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The Nerdy Way To Learn: Spanish »

Hincha – Inflation

The Spanish hinchar means “to inflate, puff up” and from it we get the much more common Spanish hincha meaning: “a fan”. A fan, therefore, is literally someone who puffs himself all up over his team!

Interestingly, hinchar is directly related to inflate, in a subtle way: both come from the Latin inflare meaning the same as hinchar.

How did this word evolve into somethings so different? It’s not so different as it sounds if we remember that the Spanish h- is silent: so the in-ch-a maps closely to the in-fl-a. The ch/fl mapping isn’t common at all, but if we sound it out, we can hear that they sound similar.

Next time you get all excited about your favorite team, remember that it is this excitement of making more and more is exactly what causes… inflation.

Zapato and Sabotage

No one quite knows the origin of zapato, Spanish for “shoe.” But the same word — or words from the same root — are still used in Portuguese, French, Italian, and even Arabic and, most shocking of all, Basque (shocking since Basque is unrelated to any other known language).

Most interesting, though, is that from the old French for shoe, savate, which is from the same root as zapato as we can see with the z-p to s-v mapping, do we get the English, sabotage.

Indeed, they say sabotage comes from the word for “shoe” since French workers used to throw their (wooden) shoes into machinery in order to sabotage their factory.

Cola and Coward

ColaSpanish for “tail” and, more informally, “ass” — comes from the Latin for the same: coda.

Coda itself has come into English in two ways. First, coda is a music term meaning… the end! The tail is the end of the animal!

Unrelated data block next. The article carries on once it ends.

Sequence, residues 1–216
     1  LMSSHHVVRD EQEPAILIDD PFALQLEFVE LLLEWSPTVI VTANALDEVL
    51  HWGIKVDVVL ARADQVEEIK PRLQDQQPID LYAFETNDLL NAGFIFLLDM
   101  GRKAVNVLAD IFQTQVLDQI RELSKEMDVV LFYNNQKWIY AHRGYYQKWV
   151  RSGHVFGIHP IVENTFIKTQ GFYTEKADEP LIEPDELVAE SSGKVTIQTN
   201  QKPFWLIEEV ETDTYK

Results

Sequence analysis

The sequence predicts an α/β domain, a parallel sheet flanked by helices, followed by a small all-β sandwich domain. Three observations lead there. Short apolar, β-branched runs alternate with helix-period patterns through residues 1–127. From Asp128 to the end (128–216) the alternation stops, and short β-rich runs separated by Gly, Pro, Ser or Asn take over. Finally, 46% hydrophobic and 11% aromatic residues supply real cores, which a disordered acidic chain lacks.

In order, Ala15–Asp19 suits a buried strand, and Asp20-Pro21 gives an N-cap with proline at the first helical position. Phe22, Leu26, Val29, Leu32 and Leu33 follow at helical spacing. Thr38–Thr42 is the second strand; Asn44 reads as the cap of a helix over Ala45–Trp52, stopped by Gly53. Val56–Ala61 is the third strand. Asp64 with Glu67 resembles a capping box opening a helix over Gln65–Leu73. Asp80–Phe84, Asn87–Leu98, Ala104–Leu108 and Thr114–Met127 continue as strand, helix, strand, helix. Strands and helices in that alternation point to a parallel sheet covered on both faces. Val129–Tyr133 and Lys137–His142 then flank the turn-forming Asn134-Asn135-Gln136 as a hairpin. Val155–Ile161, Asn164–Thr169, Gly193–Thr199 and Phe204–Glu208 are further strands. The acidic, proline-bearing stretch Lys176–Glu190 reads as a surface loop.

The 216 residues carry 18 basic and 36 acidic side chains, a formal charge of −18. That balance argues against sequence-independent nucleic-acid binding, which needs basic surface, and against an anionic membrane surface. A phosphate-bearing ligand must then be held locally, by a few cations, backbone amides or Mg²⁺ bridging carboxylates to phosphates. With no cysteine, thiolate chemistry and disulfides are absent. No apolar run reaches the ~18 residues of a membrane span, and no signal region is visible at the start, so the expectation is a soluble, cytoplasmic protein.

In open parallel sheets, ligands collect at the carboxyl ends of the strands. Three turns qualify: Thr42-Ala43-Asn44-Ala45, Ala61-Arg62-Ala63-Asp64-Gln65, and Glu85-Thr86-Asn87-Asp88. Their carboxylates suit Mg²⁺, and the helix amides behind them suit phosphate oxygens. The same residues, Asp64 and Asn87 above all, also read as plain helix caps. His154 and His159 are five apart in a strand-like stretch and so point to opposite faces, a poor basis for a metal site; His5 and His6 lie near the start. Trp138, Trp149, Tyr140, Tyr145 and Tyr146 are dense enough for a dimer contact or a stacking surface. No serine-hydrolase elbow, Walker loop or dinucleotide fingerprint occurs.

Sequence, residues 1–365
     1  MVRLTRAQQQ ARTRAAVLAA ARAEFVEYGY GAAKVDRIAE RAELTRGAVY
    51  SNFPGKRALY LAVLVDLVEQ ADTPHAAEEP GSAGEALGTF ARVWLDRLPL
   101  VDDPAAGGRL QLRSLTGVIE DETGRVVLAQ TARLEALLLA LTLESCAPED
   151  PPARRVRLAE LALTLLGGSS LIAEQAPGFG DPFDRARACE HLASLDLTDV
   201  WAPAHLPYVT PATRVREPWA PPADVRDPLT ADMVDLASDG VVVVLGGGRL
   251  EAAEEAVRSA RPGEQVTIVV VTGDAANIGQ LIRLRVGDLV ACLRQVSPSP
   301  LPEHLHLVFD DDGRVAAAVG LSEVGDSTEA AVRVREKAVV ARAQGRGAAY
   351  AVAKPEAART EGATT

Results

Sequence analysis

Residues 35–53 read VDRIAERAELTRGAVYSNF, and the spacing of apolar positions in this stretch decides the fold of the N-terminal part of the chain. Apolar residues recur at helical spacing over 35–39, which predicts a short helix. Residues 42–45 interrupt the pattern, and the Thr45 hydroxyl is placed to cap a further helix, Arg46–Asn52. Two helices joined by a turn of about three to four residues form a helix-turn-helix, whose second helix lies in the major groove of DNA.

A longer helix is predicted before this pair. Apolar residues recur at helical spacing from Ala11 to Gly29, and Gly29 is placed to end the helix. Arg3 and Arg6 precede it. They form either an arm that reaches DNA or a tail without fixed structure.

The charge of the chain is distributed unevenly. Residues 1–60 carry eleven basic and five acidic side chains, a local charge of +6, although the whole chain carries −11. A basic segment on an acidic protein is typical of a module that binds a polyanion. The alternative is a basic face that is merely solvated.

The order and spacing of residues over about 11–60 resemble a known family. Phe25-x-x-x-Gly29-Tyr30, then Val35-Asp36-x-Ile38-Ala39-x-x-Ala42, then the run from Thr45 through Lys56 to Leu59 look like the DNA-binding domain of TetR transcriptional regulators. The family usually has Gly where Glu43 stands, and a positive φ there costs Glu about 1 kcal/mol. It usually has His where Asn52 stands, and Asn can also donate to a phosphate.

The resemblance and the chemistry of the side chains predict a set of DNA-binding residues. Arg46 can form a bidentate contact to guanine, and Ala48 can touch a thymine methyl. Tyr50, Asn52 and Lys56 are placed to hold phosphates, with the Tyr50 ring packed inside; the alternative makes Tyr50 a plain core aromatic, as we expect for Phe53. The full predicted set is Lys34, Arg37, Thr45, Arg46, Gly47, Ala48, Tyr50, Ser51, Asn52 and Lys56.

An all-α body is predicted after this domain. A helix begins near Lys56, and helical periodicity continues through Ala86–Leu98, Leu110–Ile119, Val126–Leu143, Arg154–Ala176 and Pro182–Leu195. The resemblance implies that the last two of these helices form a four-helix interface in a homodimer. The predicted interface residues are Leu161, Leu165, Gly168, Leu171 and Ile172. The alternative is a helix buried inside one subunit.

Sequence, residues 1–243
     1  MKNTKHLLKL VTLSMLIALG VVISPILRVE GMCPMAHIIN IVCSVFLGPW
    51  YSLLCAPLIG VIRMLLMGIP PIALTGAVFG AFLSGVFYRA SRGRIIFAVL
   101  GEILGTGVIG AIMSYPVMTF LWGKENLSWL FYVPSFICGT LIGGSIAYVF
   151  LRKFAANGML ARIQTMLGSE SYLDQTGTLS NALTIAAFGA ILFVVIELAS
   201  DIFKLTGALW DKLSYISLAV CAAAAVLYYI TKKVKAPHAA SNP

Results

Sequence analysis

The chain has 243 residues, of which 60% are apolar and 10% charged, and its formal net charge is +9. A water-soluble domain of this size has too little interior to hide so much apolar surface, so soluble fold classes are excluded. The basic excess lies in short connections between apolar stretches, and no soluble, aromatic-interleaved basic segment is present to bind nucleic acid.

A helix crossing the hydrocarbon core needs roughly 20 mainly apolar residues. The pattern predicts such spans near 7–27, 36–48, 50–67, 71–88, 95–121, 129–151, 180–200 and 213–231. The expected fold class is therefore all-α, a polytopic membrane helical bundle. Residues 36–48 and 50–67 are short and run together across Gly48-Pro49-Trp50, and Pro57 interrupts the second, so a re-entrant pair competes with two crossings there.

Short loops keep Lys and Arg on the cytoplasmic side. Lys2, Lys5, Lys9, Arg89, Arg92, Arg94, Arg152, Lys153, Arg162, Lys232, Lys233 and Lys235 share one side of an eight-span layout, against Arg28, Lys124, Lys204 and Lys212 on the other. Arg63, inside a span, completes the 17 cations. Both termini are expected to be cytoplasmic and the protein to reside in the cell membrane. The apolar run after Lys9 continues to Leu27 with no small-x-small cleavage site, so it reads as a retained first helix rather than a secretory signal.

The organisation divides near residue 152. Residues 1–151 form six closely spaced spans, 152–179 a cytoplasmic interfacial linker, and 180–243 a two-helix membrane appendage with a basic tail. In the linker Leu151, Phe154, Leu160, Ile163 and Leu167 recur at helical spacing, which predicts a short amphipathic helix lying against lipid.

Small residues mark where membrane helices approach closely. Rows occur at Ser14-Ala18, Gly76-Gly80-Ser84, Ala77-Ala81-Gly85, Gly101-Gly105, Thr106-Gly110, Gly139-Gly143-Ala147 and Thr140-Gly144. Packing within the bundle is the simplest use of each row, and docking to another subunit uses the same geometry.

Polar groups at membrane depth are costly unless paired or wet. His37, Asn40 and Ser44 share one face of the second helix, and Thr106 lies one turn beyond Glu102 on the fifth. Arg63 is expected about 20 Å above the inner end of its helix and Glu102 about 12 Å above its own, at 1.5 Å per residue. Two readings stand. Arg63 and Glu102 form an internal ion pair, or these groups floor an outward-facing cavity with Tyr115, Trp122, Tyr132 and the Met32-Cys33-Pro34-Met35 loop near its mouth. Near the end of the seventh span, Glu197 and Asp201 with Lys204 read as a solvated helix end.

More interestingly, from coda we also get the English, coward. The Latin coda became coe– in French, dropping the -d-; and an -ard is just a person, put negatively (bastard!). Thus, a coward is literally: someone who turns his tail, and runs!

Apretar and Pectoral

Apretar (Spanish for “to squeeze”) comes from the Latin pectus, meaning, “chest.” Think of having a heart attack: your chest feels squeezed. It’s not a coincidence that doctors in the USA today still call a heart attack, angina pectoris — that is, “angina of the chest” since pectoral in English today still means “relating to the chest”! The p-t maps to the p-ct, with the -ct- just simplifying into its first -c- sound.

Related: see also Pecho/Pectoral. From the same pectus root, we see other interesting words, following the ch/ct pattern.

Huésped and Hospitable

Huésped, the common Spanish word for “guest,” has an English cousin: hospitable. This might not be obvious at first since the -o- morphs to the -ue- and thus changes the sound completely but both come from the Latin hospes which means the same. We can see the mapping of h-s-p clearly in both.

In the same family is hospital. Yes, patients in a hospital are just guests, as though it’s a hotel!

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